Coping with COVID-19: How Young People Use Digital Media to Manage Their Mental Health
As we mark the first anniversary of the start of the coronavirus pandemic, one group that has been the focus of attention is young people. After a year of lockdowns and remote schooling and the disruption of social norms, teens and young adults are reporting growing levels of depression, stress, and anxiety.
CHCF partnered with Common Sense and Hopelab to better understand how young people have been using social media and digital health tools to take care of their mental health during the pandemic. Coping with COVID-19: How Young People Use Digital Media to Manage Their Mental Health, available on the Common Sense website, reveals that depression rates have increased significantly since 2018, especially among teens and young adults who have had coronavirus infections in their homes. Exposure to hate speech on social media also is on the rise.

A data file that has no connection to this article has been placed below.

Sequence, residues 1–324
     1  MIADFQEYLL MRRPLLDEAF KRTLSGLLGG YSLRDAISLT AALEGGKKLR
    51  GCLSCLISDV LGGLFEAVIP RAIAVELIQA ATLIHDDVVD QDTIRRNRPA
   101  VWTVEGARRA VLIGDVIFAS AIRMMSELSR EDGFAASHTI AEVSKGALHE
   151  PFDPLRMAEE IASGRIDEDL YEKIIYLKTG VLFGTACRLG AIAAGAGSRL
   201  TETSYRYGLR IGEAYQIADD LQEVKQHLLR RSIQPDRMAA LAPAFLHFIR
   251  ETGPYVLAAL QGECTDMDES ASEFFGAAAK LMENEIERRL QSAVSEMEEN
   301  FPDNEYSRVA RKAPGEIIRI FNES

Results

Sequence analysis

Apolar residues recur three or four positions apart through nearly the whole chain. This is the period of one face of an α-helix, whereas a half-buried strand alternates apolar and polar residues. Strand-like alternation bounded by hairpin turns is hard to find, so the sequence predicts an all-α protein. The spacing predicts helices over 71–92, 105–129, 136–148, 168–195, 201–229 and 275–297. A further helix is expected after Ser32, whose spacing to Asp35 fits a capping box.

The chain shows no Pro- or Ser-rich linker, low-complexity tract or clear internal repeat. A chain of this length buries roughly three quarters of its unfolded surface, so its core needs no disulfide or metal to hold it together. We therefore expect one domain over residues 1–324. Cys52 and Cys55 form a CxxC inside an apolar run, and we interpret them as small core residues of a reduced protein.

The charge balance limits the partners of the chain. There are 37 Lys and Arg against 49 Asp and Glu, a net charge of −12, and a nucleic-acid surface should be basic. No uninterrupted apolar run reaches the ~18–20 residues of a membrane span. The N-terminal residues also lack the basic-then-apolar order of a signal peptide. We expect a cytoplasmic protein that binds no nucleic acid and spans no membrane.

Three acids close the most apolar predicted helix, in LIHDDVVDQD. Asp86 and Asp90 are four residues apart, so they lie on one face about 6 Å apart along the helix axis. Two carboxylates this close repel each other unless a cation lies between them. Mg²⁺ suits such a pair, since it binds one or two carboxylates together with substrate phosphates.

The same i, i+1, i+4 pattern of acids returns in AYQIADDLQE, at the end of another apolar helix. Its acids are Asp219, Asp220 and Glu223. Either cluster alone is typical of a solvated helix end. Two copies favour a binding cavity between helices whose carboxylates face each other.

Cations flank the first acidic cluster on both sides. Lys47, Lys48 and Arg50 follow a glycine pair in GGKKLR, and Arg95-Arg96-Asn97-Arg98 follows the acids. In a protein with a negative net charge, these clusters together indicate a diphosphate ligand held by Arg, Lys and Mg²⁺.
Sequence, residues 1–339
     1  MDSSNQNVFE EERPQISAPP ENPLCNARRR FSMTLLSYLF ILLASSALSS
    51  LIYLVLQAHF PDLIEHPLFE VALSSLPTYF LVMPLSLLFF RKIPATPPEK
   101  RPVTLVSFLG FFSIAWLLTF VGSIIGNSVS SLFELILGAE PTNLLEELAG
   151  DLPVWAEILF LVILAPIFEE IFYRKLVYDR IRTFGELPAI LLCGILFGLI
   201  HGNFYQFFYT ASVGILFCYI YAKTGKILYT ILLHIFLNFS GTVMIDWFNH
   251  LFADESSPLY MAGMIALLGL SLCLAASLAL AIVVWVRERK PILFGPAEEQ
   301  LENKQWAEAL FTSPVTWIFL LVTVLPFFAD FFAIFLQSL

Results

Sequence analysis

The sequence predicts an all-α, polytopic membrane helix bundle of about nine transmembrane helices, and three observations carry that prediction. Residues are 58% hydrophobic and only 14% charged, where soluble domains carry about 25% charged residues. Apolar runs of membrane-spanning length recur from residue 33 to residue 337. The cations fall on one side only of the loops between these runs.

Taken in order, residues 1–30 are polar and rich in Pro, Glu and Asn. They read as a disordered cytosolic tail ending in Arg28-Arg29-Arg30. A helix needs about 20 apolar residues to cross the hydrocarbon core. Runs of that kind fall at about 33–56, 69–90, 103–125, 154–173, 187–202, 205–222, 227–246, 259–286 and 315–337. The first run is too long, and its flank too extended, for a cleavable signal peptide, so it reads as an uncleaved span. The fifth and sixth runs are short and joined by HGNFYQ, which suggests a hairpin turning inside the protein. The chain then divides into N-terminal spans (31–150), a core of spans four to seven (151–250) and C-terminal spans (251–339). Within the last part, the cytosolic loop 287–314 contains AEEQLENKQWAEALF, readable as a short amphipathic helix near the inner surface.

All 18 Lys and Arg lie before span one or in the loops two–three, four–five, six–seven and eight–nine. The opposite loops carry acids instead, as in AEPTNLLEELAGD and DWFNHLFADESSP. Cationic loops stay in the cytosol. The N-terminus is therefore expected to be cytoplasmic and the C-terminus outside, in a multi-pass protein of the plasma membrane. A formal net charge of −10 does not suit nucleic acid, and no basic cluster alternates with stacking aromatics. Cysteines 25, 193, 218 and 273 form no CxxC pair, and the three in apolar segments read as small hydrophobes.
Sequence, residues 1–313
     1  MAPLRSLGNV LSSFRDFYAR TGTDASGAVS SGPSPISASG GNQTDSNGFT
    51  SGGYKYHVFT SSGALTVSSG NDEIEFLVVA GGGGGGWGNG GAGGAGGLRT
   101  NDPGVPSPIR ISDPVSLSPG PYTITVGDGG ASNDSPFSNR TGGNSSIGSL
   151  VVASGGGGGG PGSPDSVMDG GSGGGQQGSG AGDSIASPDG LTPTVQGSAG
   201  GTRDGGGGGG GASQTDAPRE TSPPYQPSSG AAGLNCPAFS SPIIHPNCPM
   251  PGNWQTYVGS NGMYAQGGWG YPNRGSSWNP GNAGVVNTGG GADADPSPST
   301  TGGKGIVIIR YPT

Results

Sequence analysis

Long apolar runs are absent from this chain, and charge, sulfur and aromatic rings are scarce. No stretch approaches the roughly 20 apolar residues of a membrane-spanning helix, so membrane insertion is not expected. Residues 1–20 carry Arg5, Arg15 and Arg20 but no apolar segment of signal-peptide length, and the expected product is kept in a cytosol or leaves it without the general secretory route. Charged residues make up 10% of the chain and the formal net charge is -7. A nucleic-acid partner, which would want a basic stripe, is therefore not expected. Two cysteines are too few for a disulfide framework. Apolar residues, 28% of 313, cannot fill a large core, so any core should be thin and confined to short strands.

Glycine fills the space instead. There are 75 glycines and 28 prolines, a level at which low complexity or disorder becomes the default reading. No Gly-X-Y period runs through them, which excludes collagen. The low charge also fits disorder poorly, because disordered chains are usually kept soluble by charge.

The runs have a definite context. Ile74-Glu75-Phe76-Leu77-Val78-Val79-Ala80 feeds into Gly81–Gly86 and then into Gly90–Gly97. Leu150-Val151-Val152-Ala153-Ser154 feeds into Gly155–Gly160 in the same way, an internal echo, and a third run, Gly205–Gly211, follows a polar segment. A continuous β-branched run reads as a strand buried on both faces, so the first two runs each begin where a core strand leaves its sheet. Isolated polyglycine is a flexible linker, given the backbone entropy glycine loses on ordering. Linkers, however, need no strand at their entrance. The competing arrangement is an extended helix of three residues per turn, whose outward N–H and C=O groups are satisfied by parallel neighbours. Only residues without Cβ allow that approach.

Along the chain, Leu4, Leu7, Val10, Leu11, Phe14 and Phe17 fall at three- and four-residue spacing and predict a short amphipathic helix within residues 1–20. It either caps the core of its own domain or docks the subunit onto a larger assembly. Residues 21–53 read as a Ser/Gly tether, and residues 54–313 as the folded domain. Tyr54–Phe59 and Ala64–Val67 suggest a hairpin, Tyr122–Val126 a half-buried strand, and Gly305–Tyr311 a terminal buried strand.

Yet the report also reveals that young people are proactive in supporting their own mental health. Despite the negative content they see, digital media has been a lifeline for many of them to access critical health information, stay connected to their peers, find inspiration, and receive comfort in a difficult time.
CHCF president and CEO Sandra R. Hernández, MD, appears in this video produced by Common Sense that reviews the report’s key findings.
About the Authors
The report was authored by Victoria Rideout, MA, VJR Consulting; Susannah Fox with Internet Geologist; Alanna Peebles, PhD, Common Sense; and Michael B. Robb, PhD, Common Sense.